Nearly 80 million baby boomers are starting to reach the age when they begin noticing and joking about memory challenges. For those with a family history of Alzheimer's disease, their middle-aged pauses are no joke but a cause for concern that they too may succumb to this disease that afflicts 5.4 million Americans, 480,000 Californians, and 150,000 Angelinos. This illness robs people of their minds as tiny protein fibers -- amyloid plaques and tau tangles -- accumulate in brain areas controlling memory, language, judgment, thinking and behavior, and eventually leading to dementia.
We can't afford to ignore this disease -- the Alzheimer's Association reported the staggering estimate that Americans are paying $200 billion a year for the care of these patients, whose Medicare payments are nearly three times those of older adults without dementia. By definition, patients with Alzheimer's dementia can't care for themselves, yet one out of every seven of them lives alone. If current trends continue, the costs of Alzheimer's disease in 2050 are estimated to total $1.1 trillion, and the costs to Medicare and Medicaid will increase nearly 500 percent.
Today's increased life expectancy accounts for the current Alzheimer's epidemic and its financial burden, since age is the single greatest risk factor for developing the disease. People who were born in 1900 would have been lucky to have survived to age 50; those born today have a good chance of reaching age 80. So we're living longer but not necessarily better -- every 68 seconds, another American is diagnosed with Alzheimer's disease.
Alzheimer's advocates got some good news from Washington earlier this year when President Obama responded to the crisis by signing the National Alzheimer's Project Act (NAPA) to accelerate research, education and caregiving efforts. Congress unanimously approved this bipartisan project, and a panel of experts has already begun to develop the plan's details to help fight the disease more effectively, but the details will not be implemented without continued congressional support. For fiscal year 2013, the president proposes an additional $100 million for Alzheimer's research, care, and support, which depends on congressional appropriation. Most of the funds -- 80 percent -- are targeted for much needed research. Currently, only about $500 million goes to Alzheimer's disease research, compared with the $5.5 billion the National Institutes of Health (NIH) spend on cancer and the $4 billion spent on heart disease each year.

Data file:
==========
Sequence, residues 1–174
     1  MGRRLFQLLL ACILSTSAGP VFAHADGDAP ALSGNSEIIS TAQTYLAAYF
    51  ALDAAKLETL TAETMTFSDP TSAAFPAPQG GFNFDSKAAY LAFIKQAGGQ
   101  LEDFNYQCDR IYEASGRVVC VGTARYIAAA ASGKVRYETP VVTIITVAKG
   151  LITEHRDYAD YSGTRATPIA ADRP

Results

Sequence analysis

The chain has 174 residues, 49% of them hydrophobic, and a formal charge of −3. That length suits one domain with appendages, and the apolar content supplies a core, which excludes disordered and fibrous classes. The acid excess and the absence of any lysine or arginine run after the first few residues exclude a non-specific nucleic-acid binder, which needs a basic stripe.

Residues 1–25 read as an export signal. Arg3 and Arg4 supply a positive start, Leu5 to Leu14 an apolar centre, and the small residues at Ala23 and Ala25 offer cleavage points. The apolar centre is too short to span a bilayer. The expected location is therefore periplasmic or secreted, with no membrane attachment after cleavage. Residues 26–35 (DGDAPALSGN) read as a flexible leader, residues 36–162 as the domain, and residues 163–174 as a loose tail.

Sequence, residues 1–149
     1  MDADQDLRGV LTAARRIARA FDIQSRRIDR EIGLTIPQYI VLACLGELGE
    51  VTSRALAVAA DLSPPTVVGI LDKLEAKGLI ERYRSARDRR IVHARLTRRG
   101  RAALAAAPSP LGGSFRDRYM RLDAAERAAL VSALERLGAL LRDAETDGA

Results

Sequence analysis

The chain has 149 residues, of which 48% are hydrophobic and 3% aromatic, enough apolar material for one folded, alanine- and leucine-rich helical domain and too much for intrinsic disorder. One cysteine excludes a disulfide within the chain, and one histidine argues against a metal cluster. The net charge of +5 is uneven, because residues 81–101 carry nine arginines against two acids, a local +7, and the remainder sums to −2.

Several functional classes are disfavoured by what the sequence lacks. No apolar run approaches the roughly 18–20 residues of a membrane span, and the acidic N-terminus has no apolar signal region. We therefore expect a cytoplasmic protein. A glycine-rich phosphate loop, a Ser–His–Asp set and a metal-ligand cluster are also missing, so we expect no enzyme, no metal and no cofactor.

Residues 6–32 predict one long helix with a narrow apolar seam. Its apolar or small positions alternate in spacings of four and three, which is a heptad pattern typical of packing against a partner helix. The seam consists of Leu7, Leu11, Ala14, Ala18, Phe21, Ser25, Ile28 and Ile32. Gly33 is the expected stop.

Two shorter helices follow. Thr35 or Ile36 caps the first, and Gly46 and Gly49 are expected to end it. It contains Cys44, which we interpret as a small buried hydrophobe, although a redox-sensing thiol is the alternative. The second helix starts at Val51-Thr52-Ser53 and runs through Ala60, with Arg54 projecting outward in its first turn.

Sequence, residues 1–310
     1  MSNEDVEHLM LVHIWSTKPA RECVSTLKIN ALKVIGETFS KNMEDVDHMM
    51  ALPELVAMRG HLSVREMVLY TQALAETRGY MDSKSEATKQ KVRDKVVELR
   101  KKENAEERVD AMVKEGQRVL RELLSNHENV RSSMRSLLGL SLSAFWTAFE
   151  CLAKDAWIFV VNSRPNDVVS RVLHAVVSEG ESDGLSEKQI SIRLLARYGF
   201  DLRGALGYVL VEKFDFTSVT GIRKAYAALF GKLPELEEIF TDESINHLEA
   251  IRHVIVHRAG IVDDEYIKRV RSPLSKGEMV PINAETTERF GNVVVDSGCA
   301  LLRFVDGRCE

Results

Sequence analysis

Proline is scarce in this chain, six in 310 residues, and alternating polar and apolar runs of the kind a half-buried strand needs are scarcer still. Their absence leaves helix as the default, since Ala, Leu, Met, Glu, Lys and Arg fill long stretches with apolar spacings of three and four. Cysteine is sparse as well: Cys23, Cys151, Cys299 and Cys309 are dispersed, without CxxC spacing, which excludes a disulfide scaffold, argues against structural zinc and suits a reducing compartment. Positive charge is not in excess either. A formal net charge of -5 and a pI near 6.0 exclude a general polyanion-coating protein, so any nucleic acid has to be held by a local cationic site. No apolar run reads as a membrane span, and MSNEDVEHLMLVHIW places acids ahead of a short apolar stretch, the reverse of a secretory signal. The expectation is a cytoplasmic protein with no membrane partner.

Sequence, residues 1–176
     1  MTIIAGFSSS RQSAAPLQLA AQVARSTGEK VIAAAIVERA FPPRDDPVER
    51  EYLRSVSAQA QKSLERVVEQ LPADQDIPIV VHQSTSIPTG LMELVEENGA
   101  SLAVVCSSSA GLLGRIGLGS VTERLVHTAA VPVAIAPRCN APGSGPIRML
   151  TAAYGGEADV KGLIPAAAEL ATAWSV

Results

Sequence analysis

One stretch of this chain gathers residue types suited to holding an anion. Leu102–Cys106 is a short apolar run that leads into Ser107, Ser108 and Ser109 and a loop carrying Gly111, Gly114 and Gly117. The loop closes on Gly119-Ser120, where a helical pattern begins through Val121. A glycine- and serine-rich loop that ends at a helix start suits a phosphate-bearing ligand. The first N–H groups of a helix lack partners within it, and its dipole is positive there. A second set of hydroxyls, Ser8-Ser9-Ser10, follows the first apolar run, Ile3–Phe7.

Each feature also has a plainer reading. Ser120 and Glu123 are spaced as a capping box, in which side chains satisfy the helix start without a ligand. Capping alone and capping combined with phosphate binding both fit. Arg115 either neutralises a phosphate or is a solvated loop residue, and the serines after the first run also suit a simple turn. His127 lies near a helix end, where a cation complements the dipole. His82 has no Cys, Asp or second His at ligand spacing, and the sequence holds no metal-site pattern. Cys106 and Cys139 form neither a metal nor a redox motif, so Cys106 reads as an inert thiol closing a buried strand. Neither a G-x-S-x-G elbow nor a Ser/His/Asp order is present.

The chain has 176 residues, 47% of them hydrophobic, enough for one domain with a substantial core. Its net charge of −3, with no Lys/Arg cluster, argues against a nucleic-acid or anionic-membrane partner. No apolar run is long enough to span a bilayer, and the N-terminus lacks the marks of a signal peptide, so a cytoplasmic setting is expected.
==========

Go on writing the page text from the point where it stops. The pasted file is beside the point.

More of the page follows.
I have spent 30 years caring for patients and families suffering from the disease. As a faculty member at UCLA's Semel Institute for Neuroscience and Human Behavior and through support from the Alzheimer's Association and the NIH, I have studied new ways to evaluate and treat the illness. Despite modest funding, our group, along with many other physicians and scientists, has made progress over the years. Doctors can now diagnose the disease earlier and differentiate it from other causes of mental impairment, such as drug toxicity, depression or medical illness, as well as common memory slips people begin experiencing as early as age 45. There are drugs that temporarily improve cognitive and behavioral symptoms of dementia, but no cure yet exists. Early detection methods allow for testing of novel treatments, even when symptoms are mild.
The goal of many studies, including my own, is to develop brain scans and other biomarkers that can detect the disease years before dementia develops, so people at risk could then be treated with preventive drugs or vaccines that would protect a healthy brain rather than attempt to repair damaged brain cells. But like many others, I am becoming impatient, not only as a clinician and scientist, but as a family member who has seen the disease devastate relatives. I am not alone -- more than 15 million Americans provide care for loved ones with dementia, and nearly 1.5 million of them are Californians.
The president and Congress took the first step by enacting the NAPA. But that first step will do nothing without the necessary funds to make the plan a reality. Along with my colleagues at the Alzheimer's Association, I appeal to Representative Lucille Roybal Allard and other leaders of the House Appropriations Committee to make sure that we invest in research, education and care to fight this crippling disease. This is an investment that will pay off by saving millions of lives and, eventually, trillions of dollars.
Gary Small, M.D., is a member of the Medical and Scientific Advisory Board of the Alzheimer's Association, California Southland, a professor of psychiatry and aging at UCLA, and director of UCLA's Longevity Center.
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